[erlang-questions] Erlang - supervised gen_server to drain off a queue

Garrett Smith <>
Sat Dec 29 17:44:29 CET 2012


On Sat, Dec 29, 2012 at 1:35 AM, hyperboreean
<> wrote:
> Hi guys,
> I'm just trying to bring Erlang into my company - it's a hard road, but
> we might eventually use it for at least some of our projects. I want to
> get started by changing a small piece of code that reads an AMQP queue
> and appends the contents of each message to a file. To be more specific,
> there are multiple producers for that queue (which produce error
> messages, if any) and there's this consumer which gets the error
> messages from the queue and updates a file with them. Now, this piece of
> software has always been problematic for us, for one reason or another -
> it's not reliable and when it fails it might bring the AMQP broker to
> its knees because of the number of messages that are not consumed.

While it doesn't help you get Erlang into your org, the "next obvious
step" might be to place your current queue reader under OS process
supervision like runit, systemd, launchd, etc. For this to work,
you'll need to make sure that the program crashes (process death)
whenever it gets into a flaky state. Depending on the program, that
may be practically impossible.

You could alternatively write a small program that monitors the AMQP
queue size and restarts the reader process when the queue reaches a
certain size -- assuming there's a correlation there.

But at that point you're writing new code, so Erlang is back in play.

> I'd like to change this code with some Erlang code - maybe with a
> supervision tree so that if/when the server fails, it gets automatically
> restarted.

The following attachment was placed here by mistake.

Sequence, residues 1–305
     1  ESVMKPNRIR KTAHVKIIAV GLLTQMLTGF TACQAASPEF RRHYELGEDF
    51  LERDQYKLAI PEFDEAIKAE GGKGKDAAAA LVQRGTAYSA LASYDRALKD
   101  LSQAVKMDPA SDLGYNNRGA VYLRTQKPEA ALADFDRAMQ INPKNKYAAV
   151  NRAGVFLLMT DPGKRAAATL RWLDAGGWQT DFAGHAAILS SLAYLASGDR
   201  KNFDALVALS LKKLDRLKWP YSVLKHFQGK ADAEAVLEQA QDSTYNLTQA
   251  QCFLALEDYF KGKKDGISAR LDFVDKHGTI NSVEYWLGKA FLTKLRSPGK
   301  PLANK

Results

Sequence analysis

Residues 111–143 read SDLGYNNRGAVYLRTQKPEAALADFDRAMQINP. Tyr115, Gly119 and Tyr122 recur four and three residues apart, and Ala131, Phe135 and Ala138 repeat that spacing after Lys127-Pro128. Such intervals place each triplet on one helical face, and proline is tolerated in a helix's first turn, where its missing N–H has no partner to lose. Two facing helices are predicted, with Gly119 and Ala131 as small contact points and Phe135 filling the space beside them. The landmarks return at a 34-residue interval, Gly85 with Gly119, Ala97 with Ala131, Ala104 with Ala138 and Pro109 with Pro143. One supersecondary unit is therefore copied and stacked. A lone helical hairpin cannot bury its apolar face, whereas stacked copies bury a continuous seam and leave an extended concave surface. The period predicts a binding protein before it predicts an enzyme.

You should always run Erlang apps under a supervisory tree. If indeed
you're using OTP apps, this is automatic.

However, the benefit of Erlang process supervision may be different
from what you're thinking. Supervision is the secret that lets you
skip error handling in the default case. That leads to hugely
simplified code that has a much better chance of working correctly.

You can easily write software that "keeps running" by using defensive
measures. E.g. a top level try/catch block will keep your program
running forever. But God forbid you ever hit that block -- your
program will be in some unknown state without any chance of recovery!

Unless you're absolutely certain about how an error should be handled
(e.g. unexpected input from a user -> return an error message), the
best approach is to let a process crash catastrophically (process
death) and let someone else restart it to a known state.

Erlang is like getting paid to eat a free lunch -- you skip the error
handling *and* have more reliable software!

> I was thinking of trying a gen_server, but then I figured out
> that there's no client of the server, the code just has to constantly
> pull data out of that queue.

You want a gen_server that starts itself. There's a trick... in the
gen_server init/1 callback, return a 0 for the timeout value:


    init(Args) ->
        {ok, init_state(Args), 0}.

This will send a timeout message to the process, which will be
delivered before any other messages:

    handle_info(timeout, State) ->
        {noreply, State, 0}.

This turns a "server" into a self starting process.

I personally dislike these semantics, so I use e2 [1] "tasks". In e2,
the equivalent looks like this:


    init(Args) ->
        {ok, init_state(Args)}.

    handle_task(State) ->
        {repeat, State}.

It uses the same underlying gen_server behavior, so you're
accomplishing *exactly* the same thing (standard OTP) without the odd
timeout semantics. Even if you don't mind the timeout trick, consider
others in your organization who might want to understand the code at
some point!

If you get your Erlang based queue reader going, you'll have a
fantastic platform for adding more features... it's just a matter
plugging new tasks, services into your supervisor tree.

E.g. you might want a separate monitoring task that routinely checks
the AMQP queue size and takes some action if it gets too high (send an
email, pull messages from the queue and discard, delete the queue,
etc.) That's just another "task" that repeats:

    init(Args) ->
        {ok, init_state(Args), {?INITIAL_DELAY, ?REPEAT_INTERVAL}}

    handle_task(State) ->
        {repeat, State}.

This task will repeat at REPEAT_INTERVAL milliseconds.

Good luck with your project. I think you'll see some success: a)
Erlang is perfect for what you're trying to do and b) you're tackling
a small enough problem that your chances of getting something useful
is quite high!


[1] http://e2project.org

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